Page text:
- Present day processed food is high in refined sugar, saturated fats and salt, and low in vitamins, minerals and fiber.
- Current study shows that following a diet low in sugars with more of unsaturated fats and protein markedly improves general as well as heart health.
- It is therefore important to follow dietary trends closely to determine related health risks.
a diet high in minerals, fruits and vegetables and low in sugars and trans-fats
markedly reduces adverse cardiometabolic events, according to the The Västerbotten Intervention Programme
(VIP), an ongoing, population-based prospective study
in Northern Sweden.
The study may be echoing what most of us may already know, but it is a large, longitudinal 10 year population based scientific study with enough evidence to substantiate the claims.
Aim of the StudyThe authors feel that dietary factors are more important in determining longterm state of one's cardiometabolic health than even body mass index (BMI), smoking and high blood pressure. It thus, becomes important to monitor closely the effects of dietary trends over a prolonged period in a population and determine its influence on the health of the population.
Methods of the StudyThe VIP study from 1996-2014 involved nearly 16,000 persons from Northern Sweden who had 2 visits spaced 10 years apart within 1996 and 2014 to assess the effects of diet on them. In fact, since 1985, residents of Västerbotten County in northern Sweden with a total population about 255,000 have been invited to their local health center to undergo a medical examination when they turned 40, 50 and 60 years, with some centers also including the 30 year olds until 1996. Between 48-67% of the inhabitants have participated in the VIP.
Based on the choice of diet, which could be favorable or unfavorable, two indexes namely the Healthy Diet score (higher scores represented healthy choices) and Dietary Inflammatory Index (DII) were calculated. A diet which reduced levels of inflammation with lower DII scores is considered healthier and more beneficial in general.
Observations and Findings of the StudyAt the end of the study, the important findings included the following:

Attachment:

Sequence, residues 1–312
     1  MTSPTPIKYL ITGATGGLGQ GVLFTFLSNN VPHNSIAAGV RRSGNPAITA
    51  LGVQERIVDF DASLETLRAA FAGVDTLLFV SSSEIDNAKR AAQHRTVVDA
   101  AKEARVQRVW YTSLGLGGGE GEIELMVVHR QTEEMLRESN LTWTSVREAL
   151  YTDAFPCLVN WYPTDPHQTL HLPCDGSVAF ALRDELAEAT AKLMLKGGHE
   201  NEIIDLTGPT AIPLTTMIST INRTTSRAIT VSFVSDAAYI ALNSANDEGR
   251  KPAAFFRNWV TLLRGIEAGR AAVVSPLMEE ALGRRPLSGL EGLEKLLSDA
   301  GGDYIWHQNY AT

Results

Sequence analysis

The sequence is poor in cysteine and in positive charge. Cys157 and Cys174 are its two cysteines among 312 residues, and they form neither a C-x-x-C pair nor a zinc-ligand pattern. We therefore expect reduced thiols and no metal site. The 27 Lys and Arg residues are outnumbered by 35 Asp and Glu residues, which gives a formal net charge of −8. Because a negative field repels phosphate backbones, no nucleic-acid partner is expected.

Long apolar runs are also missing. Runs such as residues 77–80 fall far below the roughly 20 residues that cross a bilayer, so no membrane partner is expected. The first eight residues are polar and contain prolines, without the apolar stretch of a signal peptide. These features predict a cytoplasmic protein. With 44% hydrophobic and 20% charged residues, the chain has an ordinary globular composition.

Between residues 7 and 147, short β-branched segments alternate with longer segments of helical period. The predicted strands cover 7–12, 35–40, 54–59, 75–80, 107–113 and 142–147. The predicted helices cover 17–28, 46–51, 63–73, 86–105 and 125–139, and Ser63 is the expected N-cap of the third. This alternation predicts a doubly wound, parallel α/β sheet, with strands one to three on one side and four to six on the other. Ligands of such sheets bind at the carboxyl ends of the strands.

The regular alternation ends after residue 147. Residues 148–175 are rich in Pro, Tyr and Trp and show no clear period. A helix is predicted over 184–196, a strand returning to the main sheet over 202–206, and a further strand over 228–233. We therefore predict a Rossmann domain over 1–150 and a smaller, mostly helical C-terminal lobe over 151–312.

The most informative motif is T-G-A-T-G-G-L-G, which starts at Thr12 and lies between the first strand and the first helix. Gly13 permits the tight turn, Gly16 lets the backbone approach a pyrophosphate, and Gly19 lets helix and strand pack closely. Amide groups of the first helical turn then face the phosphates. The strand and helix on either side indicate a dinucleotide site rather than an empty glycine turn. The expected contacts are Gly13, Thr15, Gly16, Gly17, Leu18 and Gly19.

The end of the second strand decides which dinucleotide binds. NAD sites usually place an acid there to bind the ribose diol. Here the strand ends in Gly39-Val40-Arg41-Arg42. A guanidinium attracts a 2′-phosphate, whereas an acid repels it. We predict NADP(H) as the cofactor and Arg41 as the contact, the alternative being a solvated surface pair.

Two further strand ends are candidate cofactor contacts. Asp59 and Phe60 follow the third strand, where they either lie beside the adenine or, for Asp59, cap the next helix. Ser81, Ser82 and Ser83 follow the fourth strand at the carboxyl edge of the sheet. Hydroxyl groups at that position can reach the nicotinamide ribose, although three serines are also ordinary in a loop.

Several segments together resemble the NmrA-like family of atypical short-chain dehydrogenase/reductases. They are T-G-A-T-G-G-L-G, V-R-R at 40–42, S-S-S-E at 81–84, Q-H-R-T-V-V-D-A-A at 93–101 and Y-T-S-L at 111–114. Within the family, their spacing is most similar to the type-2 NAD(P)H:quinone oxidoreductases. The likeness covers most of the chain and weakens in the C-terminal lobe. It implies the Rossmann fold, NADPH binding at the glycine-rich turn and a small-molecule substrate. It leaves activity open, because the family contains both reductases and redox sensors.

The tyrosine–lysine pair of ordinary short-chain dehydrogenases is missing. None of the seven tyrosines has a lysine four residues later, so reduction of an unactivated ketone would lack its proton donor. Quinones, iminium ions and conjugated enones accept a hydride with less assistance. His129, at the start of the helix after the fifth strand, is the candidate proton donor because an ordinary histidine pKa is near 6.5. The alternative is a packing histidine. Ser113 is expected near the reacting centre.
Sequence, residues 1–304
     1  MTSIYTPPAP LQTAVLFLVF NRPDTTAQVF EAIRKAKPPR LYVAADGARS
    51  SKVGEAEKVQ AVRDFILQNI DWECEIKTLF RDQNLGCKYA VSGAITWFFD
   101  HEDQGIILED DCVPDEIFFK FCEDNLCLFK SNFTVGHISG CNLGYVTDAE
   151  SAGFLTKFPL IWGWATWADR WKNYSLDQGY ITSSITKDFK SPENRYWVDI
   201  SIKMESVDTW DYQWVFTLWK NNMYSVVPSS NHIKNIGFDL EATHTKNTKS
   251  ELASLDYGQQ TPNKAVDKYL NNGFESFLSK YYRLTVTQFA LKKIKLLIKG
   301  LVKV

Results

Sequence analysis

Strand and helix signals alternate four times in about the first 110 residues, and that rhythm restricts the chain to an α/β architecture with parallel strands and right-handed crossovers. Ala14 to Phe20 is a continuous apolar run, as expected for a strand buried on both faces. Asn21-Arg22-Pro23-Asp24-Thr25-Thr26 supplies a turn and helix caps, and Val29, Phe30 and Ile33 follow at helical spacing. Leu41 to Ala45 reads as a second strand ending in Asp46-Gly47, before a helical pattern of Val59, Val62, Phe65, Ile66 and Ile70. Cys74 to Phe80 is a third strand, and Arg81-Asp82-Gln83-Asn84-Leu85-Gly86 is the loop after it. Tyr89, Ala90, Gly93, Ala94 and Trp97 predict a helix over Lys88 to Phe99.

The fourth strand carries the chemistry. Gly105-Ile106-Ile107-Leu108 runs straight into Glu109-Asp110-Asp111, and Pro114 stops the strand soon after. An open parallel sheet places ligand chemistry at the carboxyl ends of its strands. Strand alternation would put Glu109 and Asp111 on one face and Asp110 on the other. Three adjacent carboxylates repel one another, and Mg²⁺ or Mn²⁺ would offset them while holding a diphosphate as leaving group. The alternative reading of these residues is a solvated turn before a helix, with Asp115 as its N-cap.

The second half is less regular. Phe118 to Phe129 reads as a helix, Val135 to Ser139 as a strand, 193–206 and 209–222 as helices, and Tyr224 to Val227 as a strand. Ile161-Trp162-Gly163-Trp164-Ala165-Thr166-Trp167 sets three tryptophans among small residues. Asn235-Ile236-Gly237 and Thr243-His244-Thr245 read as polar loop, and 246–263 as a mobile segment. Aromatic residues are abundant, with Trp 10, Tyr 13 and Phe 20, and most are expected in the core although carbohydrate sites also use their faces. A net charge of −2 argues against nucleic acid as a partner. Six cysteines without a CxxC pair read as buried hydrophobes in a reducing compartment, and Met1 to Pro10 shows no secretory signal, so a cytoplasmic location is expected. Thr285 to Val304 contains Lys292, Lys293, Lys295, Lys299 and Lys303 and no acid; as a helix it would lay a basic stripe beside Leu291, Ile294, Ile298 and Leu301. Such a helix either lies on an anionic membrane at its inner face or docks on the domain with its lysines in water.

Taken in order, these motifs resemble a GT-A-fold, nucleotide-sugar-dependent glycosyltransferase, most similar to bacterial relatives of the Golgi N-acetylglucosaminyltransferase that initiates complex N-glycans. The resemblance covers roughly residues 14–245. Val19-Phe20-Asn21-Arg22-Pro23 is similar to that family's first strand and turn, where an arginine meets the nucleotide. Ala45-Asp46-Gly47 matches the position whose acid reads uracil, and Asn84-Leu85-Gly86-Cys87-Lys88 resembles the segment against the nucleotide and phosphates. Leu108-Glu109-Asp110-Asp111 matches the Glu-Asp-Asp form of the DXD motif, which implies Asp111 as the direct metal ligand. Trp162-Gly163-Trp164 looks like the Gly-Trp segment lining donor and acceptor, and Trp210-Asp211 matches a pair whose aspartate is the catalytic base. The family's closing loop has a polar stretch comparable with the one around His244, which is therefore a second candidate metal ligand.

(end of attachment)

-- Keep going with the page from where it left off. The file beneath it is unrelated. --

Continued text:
- Interestingly, the youngest age group (40 years) reported the largest proportion of decreased calorie intake as well as the largest increase in dietary protein intake.
- The youngest age group also reported the largest decrease in dietary carbohydrate intake.
- Interestingly, the oldest age group reported the largest increase in dietary fat and saturated fat.
- Overall Healthy Diet scores and Inflammatory Index scores did not vary though inter-group variations were observed.
- Improved Healthy Diet scores were associated with lower cardiac risk factors such as serum cholesterol levels, BMI and systolic blood pressure but this association was not observed with improved DII scores.
- Whole grain intake lowered cardiometabolic risk factors.
What is Cardiometabolic Risk?Cardiometabolic risk determines the chances of one suffering from heart disease, diabetes or stroke.
Factors that increase cardiometabolic risk include smoking, high cholesterol, unhealthy diet, lack of exercise, high blood pressure and a high BMI with a large waist circumference.
Addressing these issues, most of which are modifiable and lie in choices that we make, could go a long way in improving the general as well as cardiac health.
ConclusionThis has been a large-scale longitudinal study involving a huge population with minimal selection bias, and the results underline the importance of closely monitoring the effects of dietary habits in the population so that correctional steps can be taken sooner.
Though individual choices matter, it is very important for the administration to get involved and propagate the message about health risks involved in certain dietary choices and to clamp down heavily on the food industry if safety standards and precautions are not complied with.
- Nordic Nutrition Recommendations 2012: Integrating nutrition and physical activity - (http://norden.diva-portal.org/smash/record.jsf?pid=diva2%3A704251&dswid=6267)
- Nordic Nutrition Recommendations 2012 - (http://norden.diva-portal.org/smash/get/diva2:704251/FULLTEXT01.pdf)
- Cardiometabolic Risk: What is it and what can I do about it? - (https://www.omh.ny.gov/omhweb/psyckes_medicaid/brochures/cardio.html)
Please use one of the following formats to cite this article in your essay, paper or report:
Dr. Lakshmi Venkataraman. (2017, March 31). Healthy Nordic Dietary Recommendations Reduce Cardiometabolic Risk Factors. Medindia. Retrieved on Sep 24, 2022 from https://www.medindia.net/news/healthinfocus/healthy-nordic-dietary-recommendations-reduce-cardiometabolic-risk-factors-168971-1.htm.
Dr. Lakshmi Venkataraman. "Healthy Nordic Dietary Recommendations Reduce Cardiometabolic Risk Factors". Medindia. Sep 24, 2022. <https://www.medindia.net/news/healthinfocus/healthy-nordic-dietary-recommendations-reduce-cardiometabolic-risk-factors-168971-1.htm>.
Dr. Lakshmi Venkataraman. "Healthy Nordic Dietary Recommendations Reduce Cardiometabolic Risk Factors". Medindia. https://www.medindia.net/news/healthinfocus/healthy-nordic-dietary-recommendations-reduce-cardiometabolic-risk-factors-168971-1.htm. (accessed Sep 24, 2022).
Dr. Lakshmi Venkataraman. 2021. Healthy Nordic Dietary Recommendations Reduce Cardiometabolic Risk Factors. Medindia, viewed Sep 24, 2022, https://www.medindia.net/news/healthinfocus/healthy-nordic-dietary-recommendations-reduce-cardiometabolic-risk-factors-168971-1.htm.